Table 1. Primer sequences
Total muscle and adipose tissue protein level in each sample were determined with the Bradford technique. Crude muscle homogenates (100 µg protein/sample) were separated by electrophoresis, transferred to polyvinylidene difluoride membranes, blocked with nonfat milk, and incubated overnight with the selective anti-AMP-activated protein kinase (AMPK) antibody (provided by A. Zorzano, University of Barcelona, Spain) and anti-Na+/K+ ATPase antibody (Transduction Laboratories, Lexington, KY). Specific proteins were detected with horseradish peroxidase-conjugated secondary antibodies and a chemiluminescence kit. Blots were scanned with an imaging densitometer and optical densities were quantified with the software Diversity database 2.1.1 (BioRad Laboratories, Philadelphia, PA) for all of the samples.
Measurement of lipid oxidation and tissue lipid accumulation
About 0.5 µCi of [1−14C]-triolein (dissolved in 0.5 ml of triolein) per rat was given enterally by gastric intubation, without anesthetic but with minimal stress to the animal, after 28 days of EPA/LINO fatty acid administration. The metabolic fate of an orally administered [1−14C]-lipid load was examined as described by Oller do Nascimento and Williamson (19). After the collection period, animals were weighed and anesthetized with ketamine/xylazine mixture. Blood was collected from the abdominal aorta into heparinized tubes and centrifuged (3500g, 10 min, 4 °C) to obtain plasma. Samples were taken of gastrocnemius, liver, heart, dorsal white adipose tissue, epididymal adipose tissue, and brown adipose tissue. Tissues were rapidly excised, weighed, and frozen in liquid nitrogen. The gastrointestinal tract (plus contents) was homogenized in 150 ml of 3% (wt/vol) HClO4. Samples of tissues and plasma were saponified and the lipid was extracted (20). The extracted fatty acids were dissolved in 8 ml of liquid-scintillation fluid for determination of 14C-lipid formation. The amount of absorption was calculated by subtracting total gastrointestinal radioactivity from the amount that had been administered.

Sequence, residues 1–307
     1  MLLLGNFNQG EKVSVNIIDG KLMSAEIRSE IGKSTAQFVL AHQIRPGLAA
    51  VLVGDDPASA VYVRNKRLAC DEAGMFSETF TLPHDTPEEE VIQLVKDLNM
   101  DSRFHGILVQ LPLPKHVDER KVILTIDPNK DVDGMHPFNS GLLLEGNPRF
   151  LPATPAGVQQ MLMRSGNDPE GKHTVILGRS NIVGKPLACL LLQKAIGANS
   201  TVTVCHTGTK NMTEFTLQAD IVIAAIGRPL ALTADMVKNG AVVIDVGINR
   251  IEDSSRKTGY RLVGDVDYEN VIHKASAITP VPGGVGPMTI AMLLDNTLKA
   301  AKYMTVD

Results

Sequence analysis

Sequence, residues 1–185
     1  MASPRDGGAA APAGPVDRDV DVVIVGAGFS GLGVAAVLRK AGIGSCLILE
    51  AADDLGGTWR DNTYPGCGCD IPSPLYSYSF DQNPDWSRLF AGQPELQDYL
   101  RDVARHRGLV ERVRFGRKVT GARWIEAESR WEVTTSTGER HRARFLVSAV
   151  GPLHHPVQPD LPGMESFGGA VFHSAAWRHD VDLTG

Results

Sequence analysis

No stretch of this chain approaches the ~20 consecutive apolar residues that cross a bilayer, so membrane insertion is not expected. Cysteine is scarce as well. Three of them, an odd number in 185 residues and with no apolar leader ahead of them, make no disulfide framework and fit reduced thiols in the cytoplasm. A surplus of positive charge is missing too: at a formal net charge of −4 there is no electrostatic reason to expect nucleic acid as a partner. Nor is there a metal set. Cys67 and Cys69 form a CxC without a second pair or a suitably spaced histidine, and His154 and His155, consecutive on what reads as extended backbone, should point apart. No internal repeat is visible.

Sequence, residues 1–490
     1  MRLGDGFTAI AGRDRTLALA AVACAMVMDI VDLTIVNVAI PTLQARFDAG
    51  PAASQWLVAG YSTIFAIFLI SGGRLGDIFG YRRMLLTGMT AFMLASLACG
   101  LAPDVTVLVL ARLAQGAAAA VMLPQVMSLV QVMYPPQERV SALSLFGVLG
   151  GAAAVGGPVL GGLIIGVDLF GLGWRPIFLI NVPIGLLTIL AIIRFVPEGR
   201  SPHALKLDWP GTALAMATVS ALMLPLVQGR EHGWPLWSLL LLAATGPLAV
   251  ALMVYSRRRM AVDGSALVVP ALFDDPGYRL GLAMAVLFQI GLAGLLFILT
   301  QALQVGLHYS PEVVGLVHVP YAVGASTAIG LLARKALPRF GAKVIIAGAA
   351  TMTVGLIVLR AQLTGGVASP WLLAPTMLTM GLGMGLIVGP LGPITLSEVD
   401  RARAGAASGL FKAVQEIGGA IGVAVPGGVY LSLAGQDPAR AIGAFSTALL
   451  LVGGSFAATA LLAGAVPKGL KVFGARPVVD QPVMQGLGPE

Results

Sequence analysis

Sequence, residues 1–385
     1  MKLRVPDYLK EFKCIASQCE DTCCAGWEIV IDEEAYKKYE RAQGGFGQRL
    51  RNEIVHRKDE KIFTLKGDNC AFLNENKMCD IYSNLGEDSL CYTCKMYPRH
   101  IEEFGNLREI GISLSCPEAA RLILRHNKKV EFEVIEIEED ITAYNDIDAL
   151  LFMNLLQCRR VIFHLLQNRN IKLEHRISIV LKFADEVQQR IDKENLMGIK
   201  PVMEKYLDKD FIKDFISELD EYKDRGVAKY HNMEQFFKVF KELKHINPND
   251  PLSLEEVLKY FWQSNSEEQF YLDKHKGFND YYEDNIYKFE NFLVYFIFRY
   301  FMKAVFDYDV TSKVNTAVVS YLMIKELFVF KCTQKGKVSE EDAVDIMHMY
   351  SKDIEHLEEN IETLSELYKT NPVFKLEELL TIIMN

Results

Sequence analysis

Muscle and adipose tissue preparations and incubations